Then another spanner is thrown into the works. School closes early due to an outbreak of flu or adverse weather. Your child is ill. British Airways announce that they will not offer their ‘unaccompanied minor’ service any more. And we haven’t even started on where they go for exeat weekends? And how will they get there? Will it be by train? Does she have to change trains? Which friend/family member is she going to? Do the friend’s parents even know she is coming? Then when my daughter is actually on the plane I pray silently that she will land safely. All this and I didn’t mention those horrific school fees, did I?
Meanwhile, how does she/he feel?
So while this anxiety goes on our end, your child is expected to deal with a lot worse. Jetlag, culture shock each time she steps off the plane. At school she is expected to fit in with her friends and look right, even though she never gets near any shops and her new friends know nothing about the overseas life she’s had up until now. Common reference points are expected, and it’s up to your child to bridge the gap. And that’s not all. Right now the UK is cold and Nairobi is in the midst of an almost insufferable heatwave. She will arrive in the morning, tired and I will nag her about the size and weight of her bag. ‘Why did you bring so much stuff!? The rest of the family want to go on holiday for Easter but she just wants to collapse at home – away from the constant chatter of boarding school and she also needs to revise. She actually WANTS to revise and frankly, as parents, you just don’t understand.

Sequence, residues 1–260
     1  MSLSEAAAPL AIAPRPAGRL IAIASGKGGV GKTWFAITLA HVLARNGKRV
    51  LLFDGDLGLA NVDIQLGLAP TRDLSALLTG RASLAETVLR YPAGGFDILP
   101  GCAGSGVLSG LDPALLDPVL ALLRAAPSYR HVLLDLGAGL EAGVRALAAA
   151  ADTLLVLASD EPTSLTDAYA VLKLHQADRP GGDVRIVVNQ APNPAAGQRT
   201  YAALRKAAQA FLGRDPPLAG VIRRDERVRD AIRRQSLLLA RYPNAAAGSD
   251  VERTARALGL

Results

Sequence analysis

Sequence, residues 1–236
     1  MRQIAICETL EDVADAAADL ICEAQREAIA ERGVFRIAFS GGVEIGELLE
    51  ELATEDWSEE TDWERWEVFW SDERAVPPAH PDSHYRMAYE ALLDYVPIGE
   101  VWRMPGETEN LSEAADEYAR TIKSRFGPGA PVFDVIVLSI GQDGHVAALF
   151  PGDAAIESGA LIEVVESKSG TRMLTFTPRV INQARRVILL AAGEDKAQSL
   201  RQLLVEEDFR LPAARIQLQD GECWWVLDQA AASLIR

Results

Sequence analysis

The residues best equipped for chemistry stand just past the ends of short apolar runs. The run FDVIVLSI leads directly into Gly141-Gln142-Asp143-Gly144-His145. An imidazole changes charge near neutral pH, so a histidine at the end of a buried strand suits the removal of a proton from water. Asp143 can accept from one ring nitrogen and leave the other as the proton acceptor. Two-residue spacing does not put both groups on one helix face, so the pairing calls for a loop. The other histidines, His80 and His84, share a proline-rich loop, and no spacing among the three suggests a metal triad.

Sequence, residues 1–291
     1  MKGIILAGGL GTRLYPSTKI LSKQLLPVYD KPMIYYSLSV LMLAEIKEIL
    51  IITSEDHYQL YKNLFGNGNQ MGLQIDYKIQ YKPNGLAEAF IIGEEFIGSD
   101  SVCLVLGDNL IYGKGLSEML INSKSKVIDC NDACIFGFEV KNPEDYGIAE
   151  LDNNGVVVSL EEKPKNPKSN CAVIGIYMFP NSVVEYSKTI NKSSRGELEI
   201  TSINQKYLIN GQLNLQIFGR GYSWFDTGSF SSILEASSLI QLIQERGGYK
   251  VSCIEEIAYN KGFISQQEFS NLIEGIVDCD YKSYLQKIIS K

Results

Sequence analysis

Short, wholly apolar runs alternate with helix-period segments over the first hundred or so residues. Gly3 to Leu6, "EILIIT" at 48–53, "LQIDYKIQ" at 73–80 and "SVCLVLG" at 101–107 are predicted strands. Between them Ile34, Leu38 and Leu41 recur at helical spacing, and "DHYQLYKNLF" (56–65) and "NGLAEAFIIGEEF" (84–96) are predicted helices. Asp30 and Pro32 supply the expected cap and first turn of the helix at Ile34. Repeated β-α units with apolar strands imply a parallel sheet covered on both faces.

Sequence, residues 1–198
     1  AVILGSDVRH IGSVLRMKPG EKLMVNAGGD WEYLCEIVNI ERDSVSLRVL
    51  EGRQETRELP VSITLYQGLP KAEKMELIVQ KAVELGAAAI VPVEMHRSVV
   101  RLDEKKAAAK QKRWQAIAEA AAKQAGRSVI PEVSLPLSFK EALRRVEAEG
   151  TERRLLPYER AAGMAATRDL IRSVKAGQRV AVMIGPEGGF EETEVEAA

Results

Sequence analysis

And guess what else. Right now she’s sitting at Heathrow airport, one day after the Brussels bombings. Eating a sandwich in a cafe right at the entrance to the airport, because the school bus got her there early and the gate is not open for check-in yet.
My heart is in my mouth and I know that this is not going to get any easier.
- Try to get organised and on top of your child’s flight bookings well ahead of time – even if you are not a very organised person.
- Reach out to school matrons and other staff to get as much information as possible about who else might be travelling from the airport on the same day etc. and what escort services they offer overseas kids etc. (airport transfers, escorted trains etc).
- Chat to other parents whose kids are also away at school, or who have been through the experience. Definitely try to buddy up with any parents whose child might be at the same school as your child at the same time.
- Get the numbers of a couple of friendly taxi services based near your child’s school recommended by school or other parents.
- Pin down a couple of friends/family members who you think might be able to step up in an unexpected emergency. (your child will need a UK guardian anyway, though there are guardian services that you can pay for).
- Remember, your child might call you just to ‘download’ about all that is difficult about her life at that moment and the call will be terrible. But take heart, at least they will feel a lot better afterwards, (while you are ready to slit your wrists!) – thanks to my sister-in-law for warning me about this one.